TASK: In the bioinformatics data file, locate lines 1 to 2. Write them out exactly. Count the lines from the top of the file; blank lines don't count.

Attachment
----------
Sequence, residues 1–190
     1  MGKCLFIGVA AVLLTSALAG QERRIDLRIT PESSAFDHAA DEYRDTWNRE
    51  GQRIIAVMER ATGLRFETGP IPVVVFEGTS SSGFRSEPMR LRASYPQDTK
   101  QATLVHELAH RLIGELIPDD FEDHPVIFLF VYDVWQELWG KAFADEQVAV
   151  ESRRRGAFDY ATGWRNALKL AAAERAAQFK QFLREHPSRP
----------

Sequence, residues 1–190
     1  MGKCLFIGVA AVLLTSALAG QERRIDLRIT PESSAFDHAA DEYRDTWNRE